“7. As regards the assessee’s contention that the statement having been retracted the assessing officer should have independently come to a conclusion that there was additional income as sought to be assessed and that there was no material to support that there was such income, this contention in our view is not correct. As held by the Supreme Court in Pullan-gode Rubber Produce Co. Ltd. v. State of Kerala, (1973) 91 ITR 18 (SC) an admission is an extremely important piece of evidence though it is not conclusive. Therefore, a statement made voluntarily by the assessee could form the basis of assessment. The mere fact that the assessee retracted the statement could not make the statement unacceptable. The burden lay on the assessee to establish that the admission made in the statement at the time of survey was wrong and in fact there was no additional income. This burden does not even seem to have been attempted to be discharged.

Similarly, P.K. Palwankar v. CGT, (1979) 117 ITR 768 (MP-HC)  and CIT v. Mrs. Doris S. Luiz, (1974) 96 ITR 646 (Ker-HC)  on which also learned counsel for the assessee placed reliance are of no help to the assessee. The Tribunal’s order is concluded by findings of fact and in our view no question of law arises. The applications are, accordingly, rejected.”

All the aforementioned judgments were considered by this Court in M/s. Bannalal Jat Constructions (P) Ltd. (supra) wherein also the assessee retracted from his statement initially given under section 132(4) of the Act on 10-10-2014 followed by confirmation statement under section 131 on 4-12-2014 and made the following observations :–

“Reverting back to the present case, the ITAT, on the basis of such statement of Shri Bannalal Jat, concluded that he was managing his business affairs of both his proprietary concern as well as appellant-company from his residence and that in the absence of individual cash-book of respective concerns and other details maintained by him, it is not possible to identify whether the cash so found belongs to the proprietary concern or to the assessee company. Subsequently, when the statement under section 132(4) of the Income Tax Act was recorded on 10-10-2014, which was concluded at his residence, Shri Bannalal Jat categorically admitted that the cash amount of Rs. 1,21,43,210 belonged to his company M/s. Bannalal Jat Construction (P) Ltd. and the same was its undisclosed income. Thereafter another statement under section 132(4) of the Income Tax Act was recorded at his business premises on 11-10-2014. In reply to question No. 8, he was asked to explain the source of cash amounting to Rs. 3,380 found at his office and Rs. 1,21,43,210 found at his residence, he submitted regarding the amount of Rs. 1,21,43,210 found at his residence that he was unable to give any explanation and admitted that he was in the business of civil construction and in such business, various expenses have been inflated and shown in the books of accounts, and that the income so generated on account of such inflation in expenses is represented in the form of cash was found at his residence. This undisclosed income belonged to his company M/s. Bannalal Jat Construction (P) Ltd. In response to question no.11 wherein he was asked to provide any other explanation which he wishes to provide, he submitted that pursuant to search operations where various documents, loose papers, entries, cash, investment, advances and individual expenditure details have been found and taking all that into consideration, he surrendered Rs. 4,01,43,210 as his undisclosed income. He also categorically stated that the said disclosure is in the hands of M/s. Bannalal Jat Construction (P) Ltd. in respect of unexplained cash amounting to Rs. 1,21,43,210 and Rs. 2,50,00,000 and Rs. 30,00,000 totalling to Rs. 2,80,00,000 in his individual capacity.”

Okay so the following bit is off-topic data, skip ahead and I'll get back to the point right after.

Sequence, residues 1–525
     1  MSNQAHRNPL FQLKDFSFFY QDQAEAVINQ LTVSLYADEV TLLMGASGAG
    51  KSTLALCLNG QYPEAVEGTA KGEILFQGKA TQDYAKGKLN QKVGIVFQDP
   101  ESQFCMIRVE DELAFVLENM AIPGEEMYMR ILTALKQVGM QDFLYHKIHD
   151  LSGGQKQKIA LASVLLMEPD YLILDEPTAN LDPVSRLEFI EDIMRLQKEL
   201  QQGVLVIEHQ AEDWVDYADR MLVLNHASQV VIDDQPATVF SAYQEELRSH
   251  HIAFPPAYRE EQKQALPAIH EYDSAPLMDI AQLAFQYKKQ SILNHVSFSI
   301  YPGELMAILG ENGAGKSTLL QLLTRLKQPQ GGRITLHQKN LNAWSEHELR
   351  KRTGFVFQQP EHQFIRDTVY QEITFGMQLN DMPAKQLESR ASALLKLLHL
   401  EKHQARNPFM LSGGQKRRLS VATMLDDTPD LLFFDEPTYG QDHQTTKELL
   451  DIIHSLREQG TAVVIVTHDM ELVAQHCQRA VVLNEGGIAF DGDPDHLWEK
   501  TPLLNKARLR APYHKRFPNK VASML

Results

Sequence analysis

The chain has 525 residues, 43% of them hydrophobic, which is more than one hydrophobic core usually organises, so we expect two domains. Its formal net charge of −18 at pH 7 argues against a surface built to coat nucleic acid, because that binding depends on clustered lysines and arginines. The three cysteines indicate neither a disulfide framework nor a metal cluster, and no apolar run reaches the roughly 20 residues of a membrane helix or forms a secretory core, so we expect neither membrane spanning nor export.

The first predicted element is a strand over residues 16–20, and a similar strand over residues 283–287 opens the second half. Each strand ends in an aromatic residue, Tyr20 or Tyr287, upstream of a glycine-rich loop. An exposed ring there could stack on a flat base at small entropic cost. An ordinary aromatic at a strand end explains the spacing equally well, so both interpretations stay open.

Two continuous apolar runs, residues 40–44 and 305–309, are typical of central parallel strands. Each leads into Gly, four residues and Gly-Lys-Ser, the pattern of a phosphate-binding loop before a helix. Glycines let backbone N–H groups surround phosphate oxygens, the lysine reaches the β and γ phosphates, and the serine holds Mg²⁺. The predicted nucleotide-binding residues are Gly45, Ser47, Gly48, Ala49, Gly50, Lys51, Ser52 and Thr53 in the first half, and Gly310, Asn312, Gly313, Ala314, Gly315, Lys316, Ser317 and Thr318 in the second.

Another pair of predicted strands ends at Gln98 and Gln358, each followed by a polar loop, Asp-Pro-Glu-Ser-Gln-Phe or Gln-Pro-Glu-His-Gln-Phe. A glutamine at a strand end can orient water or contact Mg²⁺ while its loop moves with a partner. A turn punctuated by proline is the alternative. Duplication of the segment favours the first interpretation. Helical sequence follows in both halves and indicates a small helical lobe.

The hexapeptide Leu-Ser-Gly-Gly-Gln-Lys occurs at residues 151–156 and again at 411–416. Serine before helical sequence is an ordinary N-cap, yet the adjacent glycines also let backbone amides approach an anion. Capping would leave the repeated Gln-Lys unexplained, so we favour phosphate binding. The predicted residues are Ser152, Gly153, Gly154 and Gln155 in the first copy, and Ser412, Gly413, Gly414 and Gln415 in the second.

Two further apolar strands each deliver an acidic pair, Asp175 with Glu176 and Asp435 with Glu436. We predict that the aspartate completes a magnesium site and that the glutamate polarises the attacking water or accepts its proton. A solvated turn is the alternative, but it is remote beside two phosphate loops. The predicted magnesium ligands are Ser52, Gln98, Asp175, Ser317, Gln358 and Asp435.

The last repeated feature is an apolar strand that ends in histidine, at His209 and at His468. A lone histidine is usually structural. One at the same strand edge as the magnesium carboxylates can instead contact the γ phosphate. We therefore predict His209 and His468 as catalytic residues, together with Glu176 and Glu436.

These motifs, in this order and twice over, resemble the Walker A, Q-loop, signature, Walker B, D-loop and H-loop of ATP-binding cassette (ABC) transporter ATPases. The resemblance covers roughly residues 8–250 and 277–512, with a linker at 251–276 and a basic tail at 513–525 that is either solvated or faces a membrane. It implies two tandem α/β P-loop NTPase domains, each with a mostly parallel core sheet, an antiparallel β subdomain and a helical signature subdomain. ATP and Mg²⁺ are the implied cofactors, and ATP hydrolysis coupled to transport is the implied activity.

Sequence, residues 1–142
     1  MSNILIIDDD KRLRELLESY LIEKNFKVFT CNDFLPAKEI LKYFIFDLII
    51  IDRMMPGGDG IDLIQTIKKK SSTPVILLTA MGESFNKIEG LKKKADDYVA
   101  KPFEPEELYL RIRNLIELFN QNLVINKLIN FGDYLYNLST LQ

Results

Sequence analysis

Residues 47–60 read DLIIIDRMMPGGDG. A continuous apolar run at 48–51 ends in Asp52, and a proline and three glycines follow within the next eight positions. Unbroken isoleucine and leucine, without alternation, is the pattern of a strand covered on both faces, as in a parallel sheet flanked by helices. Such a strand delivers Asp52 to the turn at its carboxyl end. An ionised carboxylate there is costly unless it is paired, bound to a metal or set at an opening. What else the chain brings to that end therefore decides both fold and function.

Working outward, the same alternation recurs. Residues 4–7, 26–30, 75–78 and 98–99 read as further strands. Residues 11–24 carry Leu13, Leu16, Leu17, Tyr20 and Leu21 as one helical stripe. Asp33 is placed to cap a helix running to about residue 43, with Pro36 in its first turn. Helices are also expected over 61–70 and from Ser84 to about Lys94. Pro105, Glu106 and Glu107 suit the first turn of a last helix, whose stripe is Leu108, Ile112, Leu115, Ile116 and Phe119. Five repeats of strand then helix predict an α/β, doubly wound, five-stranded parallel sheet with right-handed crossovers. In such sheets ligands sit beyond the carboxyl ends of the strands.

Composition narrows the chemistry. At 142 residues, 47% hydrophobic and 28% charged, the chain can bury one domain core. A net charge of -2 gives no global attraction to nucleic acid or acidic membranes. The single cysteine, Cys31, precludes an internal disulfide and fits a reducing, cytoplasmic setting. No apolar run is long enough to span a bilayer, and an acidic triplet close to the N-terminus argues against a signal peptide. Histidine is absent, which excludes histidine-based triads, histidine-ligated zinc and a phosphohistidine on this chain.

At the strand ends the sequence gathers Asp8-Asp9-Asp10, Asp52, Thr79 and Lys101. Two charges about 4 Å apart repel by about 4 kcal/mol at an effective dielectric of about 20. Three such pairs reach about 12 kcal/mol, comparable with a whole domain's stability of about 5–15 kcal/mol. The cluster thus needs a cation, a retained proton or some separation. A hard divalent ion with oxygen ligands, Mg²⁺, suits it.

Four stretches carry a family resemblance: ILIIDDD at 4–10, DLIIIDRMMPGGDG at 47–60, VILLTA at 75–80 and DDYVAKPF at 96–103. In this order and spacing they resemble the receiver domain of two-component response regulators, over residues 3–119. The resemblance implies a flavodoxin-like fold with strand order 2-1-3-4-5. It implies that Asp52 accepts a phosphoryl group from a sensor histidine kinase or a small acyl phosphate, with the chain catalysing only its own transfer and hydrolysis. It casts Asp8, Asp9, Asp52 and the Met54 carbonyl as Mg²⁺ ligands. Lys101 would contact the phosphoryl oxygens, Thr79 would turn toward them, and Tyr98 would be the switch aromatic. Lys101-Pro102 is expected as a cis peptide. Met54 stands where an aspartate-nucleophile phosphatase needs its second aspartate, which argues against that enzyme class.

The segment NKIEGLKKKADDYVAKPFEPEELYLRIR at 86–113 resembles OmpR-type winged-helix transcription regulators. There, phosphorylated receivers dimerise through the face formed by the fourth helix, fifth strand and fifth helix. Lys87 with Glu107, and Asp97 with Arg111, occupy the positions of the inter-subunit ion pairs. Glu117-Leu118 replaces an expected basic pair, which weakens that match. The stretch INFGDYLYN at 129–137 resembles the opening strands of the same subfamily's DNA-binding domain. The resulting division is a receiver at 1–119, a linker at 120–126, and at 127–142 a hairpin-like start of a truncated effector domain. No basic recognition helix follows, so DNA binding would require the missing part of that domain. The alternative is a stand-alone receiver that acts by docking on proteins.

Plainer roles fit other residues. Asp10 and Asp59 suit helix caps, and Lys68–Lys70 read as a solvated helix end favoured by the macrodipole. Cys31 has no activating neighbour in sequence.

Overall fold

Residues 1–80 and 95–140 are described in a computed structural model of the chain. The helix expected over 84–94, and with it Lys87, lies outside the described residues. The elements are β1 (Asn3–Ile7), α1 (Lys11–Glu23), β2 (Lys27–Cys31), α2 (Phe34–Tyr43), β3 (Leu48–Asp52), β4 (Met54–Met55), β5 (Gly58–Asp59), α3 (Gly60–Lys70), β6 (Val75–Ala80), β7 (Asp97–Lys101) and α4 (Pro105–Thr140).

In view of the law discussed above, it must be held that statement recorded under section 132(4) of the Act and later confirmed in statement recorded under section 131 of the Act, cannot be discarded simply by observing that the assessee has retracted the same because such retraction ought to have been generally made within reasonable time or by filing complaint to superior authorities or otherwise brought to notice of the higher officials by filing duly sworn affidavit or statement supported by convincing evidence. Such a statement when recorded at two stages cannot be discarded summarily in cryptic manner by observing that the assessee in a belatedly filed affidavit has retracted from his statement. Such retraction is required to be made as soon as possible or immediately after the statement of the assessee was recorded. Duration of time when such retraction is made assumes significance and in the present case retraction has been made by the assessee after almost eight months to be precise, 237 days.

In view of above discussion, we are persuaded to allow the appeal of the revenue which is accordingly allowed. The substantial question of law formulated by this Court vide Order, dt. 10-4-2018 is answered in favour of the revenue and against the assessee in the aforesaid terms.